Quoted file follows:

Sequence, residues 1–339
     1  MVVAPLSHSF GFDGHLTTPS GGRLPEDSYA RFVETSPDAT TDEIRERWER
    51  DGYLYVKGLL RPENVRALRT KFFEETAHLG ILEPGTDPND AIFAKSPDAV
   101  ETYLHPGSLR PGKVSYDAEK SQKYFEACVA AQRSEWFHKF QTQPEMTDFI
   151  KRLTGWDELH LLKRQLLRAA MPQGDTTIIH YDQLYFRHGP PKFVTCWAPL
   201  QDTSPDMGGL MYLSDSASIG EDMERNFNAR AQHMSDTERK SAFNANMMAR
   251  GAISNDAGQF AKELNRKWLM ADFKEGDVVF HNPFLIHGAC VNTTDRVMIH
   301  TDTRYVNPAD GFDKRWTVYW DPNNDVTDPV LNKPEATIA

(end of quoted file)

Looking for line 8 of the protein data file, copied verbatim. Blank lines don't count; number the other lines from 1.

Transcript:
   301  TDTRYVNPAD GFDKRWTVYW DPNNDVTDPV LNKPEATIA